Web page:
The pictures show the school’s atrium and entrance hall, giving families an advance taste of life at the £35 million campus on the bank of the Union Canal in Fountainbridge.
Construction work got under way in November 2014, when the first turf was cut.
Among Boroughmuir’s cutting-edge features will be the first rooftop football pitch in Scotland, a multi-function atrium and classrooms with quick access to collaborative “break-out” spaces. The new school – less than 500 metres away from the current building in Viewforth – was due to open its doors in August this year and will house up to 1165 pupils.
However, it emerged earlier last year that the building would be available for use two months later than expected after “challenging” foundation work slowed construction.
Concerns have also been raised that the new site will be too small for the highly regarded school, which has scooped a string of awards for educational achievement.
Opposition figures have welcomed signs of progress but said families would be anxious for confirmation there will be no further slippage in the construction timetable.
Green councillor Gavin Corbett, member for Foutainbridge and Craiglockhart, said: “Parents and pupils will be heartened to see what the finished building will look like because, at the moment, it still looks like it’s a long way off. There’s obviously a lot of work to do between now and September.
“I know parents have expressed some reservations about whether the school is large enough and whether the site is big enough.
“Only when it’s fully occupied will we know to what extent those misgivings are realised. But I think the main thing for now is to see the building completed and ready to use in time.”
The current Boroughmuir High was founded in 1904 and moved to Viewforth in 1913.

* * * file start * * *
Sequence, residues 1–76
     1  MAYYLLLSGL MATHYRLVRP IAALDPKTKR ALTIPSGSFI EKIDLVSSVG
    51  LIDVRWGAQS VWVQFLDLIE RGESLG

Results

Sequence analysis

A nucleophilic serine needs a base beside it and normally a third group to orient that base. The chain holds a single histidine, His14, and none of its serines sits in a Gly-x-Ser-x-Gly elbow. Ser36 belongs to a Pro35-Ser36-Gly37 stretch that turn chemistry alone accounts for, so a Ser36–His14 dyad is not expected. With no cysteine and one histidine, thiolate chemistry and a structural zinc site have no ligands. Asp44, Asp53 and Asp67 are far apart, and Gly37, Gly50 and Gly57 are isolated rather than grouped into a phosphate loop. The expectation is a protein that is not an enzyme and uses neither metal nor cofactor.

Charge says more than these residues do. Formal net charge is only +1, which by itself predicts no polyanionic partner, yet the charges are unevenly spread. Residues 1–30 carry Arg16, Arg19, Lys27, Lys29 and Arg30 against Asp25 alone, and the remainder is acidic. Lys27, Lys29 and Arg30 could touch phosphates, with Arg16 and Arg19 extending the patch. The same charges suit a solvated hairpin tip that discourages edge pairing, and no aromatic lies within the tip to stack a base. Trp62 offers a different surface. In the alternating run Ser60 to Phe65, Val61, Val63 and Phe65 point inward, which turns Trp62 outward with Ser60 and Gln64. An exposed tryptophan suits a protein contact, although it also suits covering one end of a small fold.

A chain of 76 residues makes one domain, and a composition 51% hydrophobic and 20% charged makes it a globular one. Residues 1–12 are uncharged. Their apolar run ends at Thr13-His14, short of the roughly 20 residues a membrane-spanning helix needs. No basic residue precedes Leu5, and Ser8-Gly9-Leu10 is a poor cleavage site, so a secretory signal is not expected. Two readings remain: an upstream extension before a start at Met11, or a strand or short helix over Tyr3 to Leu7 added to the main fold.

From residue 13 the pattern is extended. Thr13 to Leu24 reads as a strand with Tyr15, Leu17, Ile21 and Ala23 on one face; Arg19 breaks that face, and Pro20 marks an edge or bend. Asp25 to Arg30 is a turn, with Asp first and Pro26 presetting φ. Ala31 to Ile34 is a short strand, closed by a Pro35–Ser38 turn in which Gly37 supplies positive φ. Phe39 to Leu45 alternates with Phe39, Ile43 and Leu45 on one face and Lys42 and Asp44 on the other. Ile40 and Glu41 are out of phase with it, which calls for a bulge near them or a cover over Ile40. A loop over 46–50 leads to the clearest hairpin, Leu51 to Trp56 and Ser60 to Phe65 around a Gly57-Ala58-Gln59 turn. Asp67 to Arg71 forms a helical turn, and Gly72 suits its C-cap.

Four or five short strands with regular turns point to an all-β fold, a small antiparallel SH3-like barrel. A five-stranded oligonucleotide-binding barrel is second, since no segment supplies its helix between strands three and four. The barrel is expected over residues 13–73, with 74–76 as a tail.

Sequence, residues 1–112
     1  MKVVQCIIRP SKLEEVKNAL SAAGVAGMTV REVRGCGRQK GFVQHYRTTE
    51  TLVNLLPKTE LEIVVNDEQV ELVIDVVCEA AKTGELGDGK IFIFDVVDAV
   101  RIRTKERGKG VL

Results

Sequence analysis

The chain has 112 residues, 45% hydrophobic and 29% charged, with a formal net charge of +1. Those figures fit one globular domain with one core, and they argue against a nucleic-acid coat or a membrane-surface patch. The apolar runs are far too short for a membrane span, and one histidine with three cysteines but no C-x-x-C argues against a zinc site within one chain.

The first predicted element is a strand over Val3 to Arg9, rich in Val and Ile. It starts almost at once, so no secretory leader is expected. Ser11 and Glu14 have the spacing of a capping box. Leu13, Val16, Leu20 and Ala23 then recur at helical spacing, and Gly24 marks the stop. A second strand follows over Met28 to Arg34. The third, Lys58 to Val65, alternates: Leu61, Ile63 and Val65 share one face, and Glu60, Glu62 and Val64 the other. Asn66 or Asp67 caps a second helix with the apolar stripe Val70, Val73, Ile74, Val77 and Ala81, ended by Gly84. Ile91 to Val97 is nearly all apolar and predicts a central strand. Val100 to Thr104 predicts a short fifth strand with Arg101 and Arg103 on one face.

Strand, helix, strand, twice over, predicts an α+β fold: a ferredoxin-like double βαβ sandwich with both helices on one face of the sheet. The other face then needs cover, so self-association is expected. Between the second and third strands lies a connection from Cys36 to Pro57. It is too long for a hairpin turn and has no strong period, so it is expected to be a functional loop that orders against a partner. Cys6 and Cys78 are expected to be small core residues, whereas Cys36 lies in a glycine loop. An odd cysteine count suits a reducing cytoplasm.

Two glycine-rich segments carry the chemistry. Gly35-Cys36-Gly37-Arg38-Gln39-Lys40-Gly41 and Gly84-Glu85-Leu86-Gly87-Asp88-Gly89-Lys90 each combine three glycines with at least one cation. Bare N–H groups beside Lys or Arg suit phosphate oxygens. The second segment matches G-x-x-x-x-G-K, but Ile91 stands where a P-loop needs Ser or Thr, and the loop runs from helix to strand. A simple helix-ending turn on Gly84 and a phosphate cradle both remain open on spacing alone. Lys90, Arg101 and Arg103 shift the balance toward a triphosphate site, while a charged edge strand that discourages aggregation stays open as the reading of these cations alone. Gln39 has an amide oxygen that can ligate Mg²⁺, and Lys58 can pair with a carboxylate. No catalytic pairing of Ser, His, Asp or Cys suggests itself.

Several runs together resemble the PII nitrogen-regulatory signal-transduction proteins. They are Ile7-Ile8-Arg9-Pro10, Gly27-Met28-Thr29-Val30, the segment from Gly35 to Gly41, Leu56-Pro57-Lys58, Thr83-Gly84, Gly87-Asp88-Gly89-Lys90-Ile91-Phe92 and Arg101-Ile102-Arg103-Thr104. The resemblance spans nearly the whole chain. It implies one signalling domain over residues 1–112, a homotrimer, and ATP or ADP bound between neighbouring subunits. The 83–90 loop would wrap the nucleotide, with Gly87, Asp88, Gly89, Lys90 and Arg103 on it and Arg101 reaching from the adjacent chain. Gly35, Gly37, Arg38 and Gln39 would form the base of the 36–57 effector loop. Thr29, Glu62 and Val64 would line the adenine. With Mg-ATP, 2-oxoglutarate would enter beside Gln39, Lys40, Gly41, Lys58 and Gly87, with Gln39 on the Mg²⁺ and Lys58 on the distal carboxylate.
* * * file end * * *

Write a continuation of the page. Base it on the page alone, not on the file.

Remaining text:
It grabbed sixth place in a list of Scotland’s top state secondaries that was published in 2014 – the only Capital school to feature.
Community leaders praised the images of Boroughmuir’s interior but said misgivings about the appearance and location of the new building had not been completely dispelled.
Mairianna Clyde, planning convener at Merchiston Community Council, said: “The atrium that they want to build looks lovely – but from other perspectives it looks pretty weak. “I have begun to gather that some parents have some disquiet about the new building. I’m not sure the people running the project are necessarily in tune with what local people think.”
City bosses said there was real excitement among pupils, teachers and parents.
Councillor Paul Godzik, education leader, said: “These latest images give everyone a real sense of what the inside of the new school will look like with its impressive atrium and entrance.
“The building is really starting to take shape now and I’m sure the staff, pupils and school community are really looking forward to moving in.”
He added: “Boroughmuir has a first-class academic track record, and we will be delivering a new school that provides an equally impressive learning environment.”